Jennifer A. Hillman
Professor of Practice at Georgetown Law; Former commissioner, World Trade Organization & US International Trade Commission
Going it Alone In An Interconnected World: Brexit, Trump & Tariffs
About the Topic
Brexit: If it leaves the EU, Britain exchanges the frictionless movement of goods and services within the world’s largest trading block to create its own trade policies. Brexiteers believe that the UK can strike better trade deals for British businesses, including with the US. One of Brexit's greatest hurdles remains within the UK, at the “Irish backstop,” the invisible 300-mile border between Northern Ireland and Ireland. Heavily militarized during years of sectarian violence, the border reopened with the 1998 Good Friday Agreement. Goods and services flow freely between the two nations. Staunch Brexiteers insist that a hard border would once again be needed to control trade. Opponents fear its return will reignite violence. Economists warn that going it alone on trade weakens the UK's economy and even risks recession. Will there be a Brexit?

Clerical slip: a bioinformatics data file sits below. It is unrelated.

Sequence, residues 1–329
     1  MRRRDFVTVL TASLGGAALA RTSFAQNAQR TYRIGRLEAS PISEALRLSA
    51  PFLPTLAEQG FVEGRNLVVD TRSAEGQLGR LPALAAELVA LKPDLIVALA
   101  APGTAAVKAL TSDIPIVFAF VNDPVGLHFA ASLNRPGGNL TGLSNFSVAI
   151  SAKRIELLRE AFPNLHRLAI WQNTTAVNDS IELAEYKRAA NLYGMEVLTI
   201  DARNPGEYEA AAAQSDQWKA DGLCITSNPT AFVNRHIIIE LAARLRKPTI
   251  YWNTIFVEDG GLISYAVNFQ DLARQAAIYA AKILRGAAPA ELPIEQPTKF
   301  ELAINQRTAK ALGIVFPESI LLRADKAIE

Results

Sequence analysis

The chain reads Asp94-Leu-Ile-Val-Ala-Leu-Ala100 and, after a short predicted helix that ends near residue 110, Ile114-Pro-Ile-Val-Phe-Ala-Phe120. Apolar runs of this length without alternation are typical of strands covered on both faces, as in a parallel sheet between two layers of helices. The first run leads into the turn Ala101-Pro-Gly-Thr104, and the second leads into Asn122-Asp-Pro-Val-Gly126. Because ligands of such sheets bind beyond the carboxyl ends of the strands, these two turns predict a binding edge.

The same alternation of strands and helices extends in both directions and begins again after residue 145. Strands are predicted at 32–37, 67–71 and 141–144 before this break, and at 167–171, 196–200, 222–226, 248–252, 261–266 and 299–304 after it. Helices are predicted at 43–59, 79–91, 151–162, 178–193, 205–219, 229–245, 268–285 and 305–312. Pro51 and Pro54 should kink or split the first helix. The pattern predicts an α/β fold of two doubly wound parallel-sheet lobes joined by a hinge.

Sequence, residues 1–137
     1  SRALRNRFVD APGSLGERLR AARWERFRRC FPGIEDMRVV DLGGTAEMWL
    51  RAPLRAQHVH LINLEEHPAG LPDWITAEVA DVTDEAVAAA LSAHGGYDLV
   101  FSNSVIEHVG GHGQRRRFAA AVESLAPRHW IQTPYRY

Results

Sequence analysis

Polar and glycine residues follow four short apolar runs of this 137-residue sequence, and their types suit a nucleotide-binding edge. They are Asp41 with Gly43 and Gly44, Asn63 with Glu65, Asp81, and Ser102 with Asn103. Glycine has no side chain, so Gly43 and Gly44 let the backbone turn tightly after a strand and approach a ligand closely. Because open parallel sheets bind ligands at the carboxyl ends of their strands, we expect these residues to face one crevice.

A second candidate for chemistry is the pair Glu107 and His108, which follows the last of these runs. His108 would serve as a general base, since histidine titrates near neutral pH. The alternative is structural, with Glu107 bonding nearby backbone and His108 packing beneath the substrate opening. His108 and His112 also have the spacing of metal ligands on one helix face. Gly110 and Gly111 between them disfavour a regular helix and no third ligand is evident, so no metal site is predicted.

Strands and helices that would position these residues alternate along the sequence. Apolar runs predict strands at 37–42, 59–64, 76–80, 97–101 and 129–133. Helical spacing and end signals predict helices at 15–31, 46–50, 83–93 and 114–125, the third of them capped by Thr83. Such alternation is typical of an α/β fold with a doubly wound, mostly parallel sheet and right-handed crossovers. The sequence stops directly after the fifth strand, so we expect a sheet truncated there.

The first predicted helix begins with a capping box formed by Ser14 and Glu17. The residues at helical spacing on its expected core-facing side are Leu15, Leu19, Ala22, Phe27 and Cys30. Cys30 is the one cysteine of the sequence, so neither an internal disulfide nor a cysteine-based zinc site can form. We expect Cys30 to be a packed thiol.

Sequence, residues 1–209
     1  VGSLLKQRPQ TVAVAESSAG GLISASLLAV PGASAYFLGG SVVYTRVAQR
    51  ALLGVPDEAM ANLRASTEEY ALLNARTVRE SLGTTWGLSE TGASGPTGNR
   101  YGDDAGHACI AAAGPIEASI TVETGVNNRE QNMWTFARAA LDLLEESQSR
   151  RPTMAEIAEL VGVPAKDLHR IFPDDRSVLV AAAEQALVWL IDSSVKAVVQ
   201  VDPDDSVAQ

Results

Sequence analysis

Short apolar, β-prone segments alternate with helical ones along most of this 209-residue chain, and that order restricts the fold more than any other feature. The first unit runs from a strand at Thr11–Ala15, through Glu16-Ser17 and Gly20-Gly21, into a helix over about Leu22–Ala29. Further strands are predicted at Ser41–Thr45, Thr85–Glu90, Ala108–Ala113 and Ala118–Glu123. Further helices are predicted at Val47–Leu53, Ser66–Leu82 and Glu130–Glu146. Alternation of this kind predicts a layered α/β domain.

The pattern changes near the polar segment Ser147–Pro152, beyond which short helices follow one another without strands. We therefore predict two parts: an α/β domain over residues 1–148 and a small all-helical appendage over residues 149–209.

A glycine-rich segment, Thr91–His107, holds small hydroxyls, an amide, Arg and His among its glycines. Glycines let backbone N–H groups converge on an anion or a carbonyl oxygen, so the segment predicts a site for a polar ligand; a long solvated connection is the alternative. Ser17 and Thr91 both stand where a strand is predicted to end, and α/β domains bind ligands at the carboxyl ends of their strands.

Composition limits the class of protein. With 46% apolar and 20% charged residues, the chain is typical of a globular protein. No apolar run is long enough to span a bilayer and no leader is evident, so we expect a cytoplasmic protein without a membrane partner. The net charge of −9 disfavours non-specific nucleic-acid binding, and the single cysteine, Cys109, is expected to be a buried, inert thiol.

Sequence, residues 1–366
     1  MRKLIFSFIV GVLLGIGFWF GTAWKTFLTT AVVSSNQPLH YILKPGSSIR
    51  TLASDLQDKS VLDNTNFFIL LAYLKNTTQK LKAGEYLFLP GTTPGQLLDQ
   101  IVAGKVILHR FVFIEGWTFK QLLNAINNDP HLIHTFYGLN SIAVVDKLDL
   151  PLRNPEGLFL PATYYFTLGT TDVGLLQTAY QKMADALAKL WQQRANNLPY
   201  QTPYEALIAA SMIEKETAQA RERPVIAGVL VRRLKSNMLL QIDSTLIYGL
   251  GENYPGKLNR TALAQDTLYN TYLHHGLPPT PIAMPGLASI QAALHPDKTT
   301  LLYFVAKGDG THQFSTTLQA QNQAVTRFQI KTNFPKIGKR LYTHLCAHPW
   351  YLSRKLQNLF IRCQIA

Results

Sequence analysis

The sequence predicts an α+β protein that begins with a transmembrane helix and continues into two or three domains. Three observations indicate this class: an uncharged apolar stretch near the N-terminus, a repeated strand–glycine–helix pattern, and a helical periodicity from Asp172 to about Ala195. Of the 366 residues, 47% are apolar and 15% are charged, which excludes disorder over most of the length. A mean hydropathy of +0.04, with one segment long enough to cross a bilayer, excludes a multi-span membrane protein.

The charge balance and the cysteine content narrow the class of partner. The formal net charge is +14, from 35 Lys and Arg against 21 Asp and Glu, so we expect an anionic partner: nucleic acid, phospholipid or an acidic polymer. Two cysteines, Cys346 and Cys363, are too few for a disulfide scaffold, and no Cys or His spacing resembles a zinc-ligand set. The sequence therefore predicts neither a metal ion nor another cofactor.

Trump & Tariffs: Last April, French President Emmanuel Macron met with President Trump, hoping to join forces in confronting China on its trade practices. According to The Wall Street Journal, Trump told Macron he did not want the EU to enjoy benefits of a US-China trade pact, calling it “my deal." That deal is currently stalled over several issues, including the Administration's use of tariffs. In what could be a two-front trade war, the Administration is also entering talks with the EU. Its cars could be labeled a threat to national security, requiring stiff tariffs. The President is sure of his approach. “I am a Tariff Man,” Trump has declared, seeing tariffs as a weapon to bring back US jobs. In a world of global supply chains, how does negotiating trade unilaterally, armed with tariffs, grow the US economy?
About the Speaker
Jennifer Hillman teaches international business and trade at the Georgetown University Law Center. She has written extensively about trade law, including two books about the legal aspects and implications of Brexit. Previously, she served as one of seven members on the World Trade Organization’s Appellate Body, as a member of the United States International Trade Commission, as general counsel in the Office of the United States Trade Representative, and as the USTR’s ambassador and chief textiles negotiator. In June 2018 she testified before Congress on “US Tools to Address Chinese Market Distortions.”